I am about to eat a large serving of humble pie. I gave some questionable advice. It seems a recent suggestion to a reader would, if followed, have caused him to commit an illegal act. I had no idea. Encouraging illegal acts is not part of my job description. Here’s the story.
Recently, reader K.B. asked about paying off his mortgage. Part of the money would come from $20,000 in cash that he had in a safe deposit box. He was worried that depositing it would throw a red flag. He wanted to know what he might do.
In the column I told him about the Bank Secrecy Act, a law that requires banks to file a Currency Transaction Report for cash amounts of $10,000 or more. I wrote: “Your best option is to make a series of cash deposits for lower amounts. If you were a rich drug dealer with an unending supply of cash, this remedy wouldn’t be very helpful, but since you’re dealing with only $20,000 you’re not likely to attract undue attention.”
It seemed reasonable to me.
In fact, several readers in banking, law and accounting soon told me that making multiple cash deposits is illegal because it could be viewed as a “structured transaction.” If you deposit your cash in a way that will avoid the necessity of a Currency Transaction Report, you are breaking the law. In addition, it was an illegal act even if the cash was “clean” money, not money from illegal, or untaxed, activities.
You don’t have to think about this too long before the shivers start going up and down your spine. Indeed, its pretty creepy even if, as one former prosecuting attorney wrote, “…from a practical standpoint, the United States Attorney is not likely to want to prosecute an individual who engages in a single act of structuring involving – in K.B.’s example — only $20,000 total in cash.”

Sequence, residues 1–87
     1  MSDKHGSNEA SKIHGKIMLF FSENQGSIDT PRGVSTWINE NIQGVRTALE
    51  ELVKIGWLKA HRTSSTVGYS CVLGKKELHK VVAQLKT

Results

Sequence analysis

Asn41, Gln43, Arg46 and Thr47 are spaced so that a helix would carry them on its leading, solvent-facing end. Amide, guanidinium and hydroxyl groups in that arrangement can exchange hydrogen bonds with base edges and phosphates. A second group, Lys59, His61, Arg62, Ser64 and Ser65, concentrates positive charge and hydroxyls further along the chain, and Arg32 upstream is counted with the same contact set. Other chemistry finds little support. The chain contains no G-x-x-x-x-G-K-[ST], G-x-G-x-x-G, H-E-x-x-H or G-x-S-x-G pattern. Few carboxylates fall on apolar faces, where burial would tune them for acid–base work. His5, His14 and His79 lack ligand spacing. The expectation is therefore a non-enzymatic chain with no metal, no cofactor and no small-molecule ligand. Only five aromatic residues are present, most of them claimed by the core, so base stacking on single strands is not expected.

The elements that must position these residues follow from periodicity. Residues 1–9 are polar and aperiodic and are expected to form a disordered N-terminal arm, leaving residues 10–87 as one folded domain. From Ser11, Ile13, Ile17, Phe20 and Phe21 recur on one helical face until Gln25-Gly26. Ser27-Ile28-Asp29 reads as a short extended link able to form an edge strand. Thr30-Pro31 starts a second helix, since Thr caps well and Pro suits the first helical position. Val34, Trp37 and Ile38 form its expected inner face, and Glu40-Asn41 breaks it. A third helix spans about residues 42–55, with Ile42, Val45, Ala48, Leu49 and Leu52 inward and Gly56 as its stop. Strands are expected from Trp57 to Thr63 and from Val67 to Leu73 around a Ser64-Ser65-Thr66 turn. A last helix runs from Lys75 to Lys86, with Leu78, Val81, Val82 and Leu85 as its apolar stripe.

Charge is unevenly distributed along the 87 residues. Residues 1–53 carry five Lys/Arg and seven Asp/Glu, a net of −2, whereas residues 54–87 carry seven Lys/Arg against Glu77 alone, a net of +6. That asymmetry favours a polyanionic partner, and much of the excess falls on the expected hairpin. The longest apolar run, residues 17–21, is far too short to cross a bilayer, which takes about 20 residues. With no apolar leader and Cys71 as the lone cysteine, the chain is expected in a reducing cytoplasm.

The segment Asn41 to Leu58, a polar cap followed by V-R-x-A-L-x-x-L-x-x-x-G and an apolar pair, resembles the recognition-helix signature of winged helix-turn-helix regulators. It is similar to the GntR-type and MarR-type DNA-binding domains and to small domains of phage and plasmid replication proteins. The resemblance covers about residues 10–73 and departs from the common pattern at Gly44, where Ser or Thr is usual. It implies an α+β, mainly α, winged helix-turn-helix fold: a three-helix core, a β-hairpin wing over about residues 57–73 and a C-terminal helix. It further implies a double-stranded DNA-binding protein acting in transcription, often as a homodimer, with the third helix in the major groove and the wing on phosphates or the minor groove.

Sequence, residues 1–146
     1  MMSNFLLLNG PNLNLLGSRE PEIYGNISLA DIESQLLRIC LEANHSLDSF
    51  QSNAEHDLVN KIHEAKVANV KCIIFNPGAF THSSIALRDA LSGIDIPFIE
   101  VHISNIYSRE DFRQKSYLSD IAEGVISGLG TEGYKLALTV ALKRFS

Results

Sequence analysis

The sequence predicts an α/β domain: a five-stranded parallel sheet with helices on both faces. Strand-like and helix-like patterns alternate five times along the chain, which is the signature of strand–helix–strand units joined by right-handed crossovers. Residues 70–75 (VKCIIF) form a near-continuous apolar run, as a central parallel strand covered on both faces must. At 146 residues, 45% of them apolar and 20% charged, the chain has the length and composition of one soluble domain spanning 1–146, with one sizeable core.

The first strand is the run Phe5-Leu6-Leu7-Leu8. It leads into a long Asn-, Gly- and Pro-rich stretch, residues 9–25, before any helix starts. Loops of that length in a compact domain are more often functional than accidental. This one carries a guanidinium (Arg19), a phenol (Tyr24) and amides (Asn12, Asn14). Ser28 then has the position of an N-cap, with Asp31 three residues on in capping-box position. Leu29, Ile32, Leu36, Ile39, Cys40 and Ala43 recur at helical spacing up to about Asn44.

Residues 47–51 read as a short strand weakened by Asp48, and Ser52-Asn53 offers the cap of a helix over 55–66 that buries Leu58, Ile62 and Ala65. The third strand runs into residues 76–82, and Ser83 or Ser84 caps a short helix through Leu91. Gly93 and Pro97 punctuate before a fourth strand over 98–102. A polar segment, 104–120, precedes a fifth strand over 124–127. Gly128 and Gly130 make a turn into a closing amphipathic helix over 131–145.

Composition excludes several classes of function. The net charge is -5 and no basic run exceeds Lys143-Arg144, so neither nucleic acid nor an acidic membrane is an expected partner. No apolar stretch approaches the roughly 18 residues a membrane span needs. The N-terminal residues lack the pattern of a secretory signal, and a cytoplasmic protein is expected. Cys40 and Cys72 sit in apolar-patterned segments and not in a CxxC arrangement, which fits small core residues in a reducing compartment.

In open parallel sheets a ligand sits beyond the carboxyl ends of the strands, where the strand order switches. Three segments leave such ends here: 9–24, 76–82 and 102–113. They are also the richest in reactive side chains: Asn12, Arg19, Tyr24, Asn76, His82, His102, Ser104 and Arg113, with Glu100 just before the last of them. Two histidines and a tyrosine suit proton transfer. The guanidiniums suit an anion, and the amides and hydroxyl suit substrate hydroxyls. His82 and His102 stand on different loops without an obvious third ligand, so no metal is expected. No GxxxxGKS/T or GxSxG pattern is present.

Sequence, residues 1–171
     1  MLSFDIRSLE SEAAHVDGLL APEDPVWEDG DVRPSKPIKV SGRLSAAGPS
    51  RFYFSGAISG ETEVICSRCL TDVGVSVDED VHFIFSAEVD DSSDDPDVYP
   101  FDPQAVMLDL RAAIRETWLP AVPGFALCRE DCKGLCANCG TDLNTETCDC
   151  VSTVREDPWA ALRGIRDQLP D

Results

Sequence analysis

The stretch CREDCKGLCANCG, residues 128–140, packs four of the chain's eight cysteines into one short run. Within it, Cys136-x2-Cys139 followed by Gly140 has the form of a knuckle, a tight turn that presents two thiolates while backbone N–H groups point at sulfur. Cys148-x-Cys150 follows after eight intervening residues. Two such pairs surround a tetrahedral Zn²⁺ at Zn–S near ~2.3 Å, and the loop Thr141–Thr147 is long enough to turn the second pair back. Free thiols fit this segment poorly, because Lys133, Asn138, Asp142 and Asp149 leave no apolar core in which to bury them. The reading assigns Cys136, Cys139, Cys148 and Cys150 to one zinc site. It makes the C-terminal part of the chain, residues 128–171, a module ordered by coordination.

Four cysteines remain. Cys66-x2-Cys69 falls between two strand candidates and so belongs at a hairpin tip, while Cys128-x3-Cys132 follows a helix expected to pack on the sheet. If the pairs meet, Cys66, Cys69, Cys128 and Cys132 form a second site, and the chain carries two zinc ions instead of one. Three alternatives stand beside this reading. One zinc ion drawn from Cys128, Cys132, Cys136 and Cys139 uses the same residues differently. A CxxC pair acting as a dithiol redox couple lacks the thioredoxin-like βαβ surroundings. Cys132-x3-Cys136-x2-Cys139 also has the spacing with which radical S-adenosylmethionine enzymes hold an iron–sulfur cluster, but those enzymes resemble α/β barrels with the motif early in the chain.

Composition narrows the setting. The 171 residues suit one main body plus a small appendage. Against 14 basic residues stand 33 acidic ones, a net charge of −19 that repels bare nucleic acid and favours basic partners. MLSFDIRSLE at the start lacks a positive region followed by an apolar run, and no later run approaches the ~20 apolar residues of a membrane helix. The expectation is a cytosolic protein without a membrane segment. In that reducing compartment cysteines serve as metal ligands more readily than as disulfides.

Then again, George Orwell’s dystopian novel “1984,” published in 1949, is looking more like truth, and less like fiction, thirty years after its title.
Q. I follow your low-cost investment advice. I will start a new portfolio as a result of a 401(k)-to-IRA Rollover conversion. My question is: Do I have to open an account at a place like Vanguard to get the benefits of low-cost index funds and ETF’s? It seems that I can pretty much achieve the same goal at other places, like Fidelity, with an all ETF portfolio without Vanguard index funds (one has to pay a transaction fee for Vanguard index funds at other brokerages). —K. H., Los Angeles, CA
A. Yes, you can build low cost index fund portfolios on any of the major platforms. And today it can be done virtually commission free. Here, for instance, is a link to a 2010 column explaining exactly how to build Couch Potato Building Block portfolios at Fidelity, Schwab and Vanguard:
On the Vanguard platform, Vanguard mutual funds and exchange-traded funds (ETFs) are all available commission free.
On the Fidelity platform you can invest in 65 iShares ETFs commission free as well as the handful of Fidelity index funds.
On the TD Ameritrade platform you have a choice of 100 commission free ETFs, including some from Vanguard. For example, you could build a commission free Couch Potato portfolio with Vanguard Total Stock Market ETF (ticker: VTI) and substituting the Vanguard Total Bond Market ETF (ticker: BND) for Vanguard Inflation Protected Securities. And you could turn it into the Margarita portfolio by adding Vanguard FTSE Developed Markets ETF (ticker: VEA).
On the Schwab platform you have a choice of 100 commission free ETFs, including their own.
And if you stick to the big, basic asset classes you’ll be able to invest at a total cost of about 0.10 percent. A Couch Potato Margarita portfolio, at Schwab, for instance, would cost .04 percent for the Schwab U.S. Broad Market ETF (ticker: SCHB), .07 percent for the Schwab U.S. TIPS ETF (ticker: SCHP), and 0.08 percent for the Schwab International Equity ETF (ticker: SCHF) for an average annual cost of 0.063 percent.
Without commissions, it will be possible for anyone to build a nicely diversified IRA account.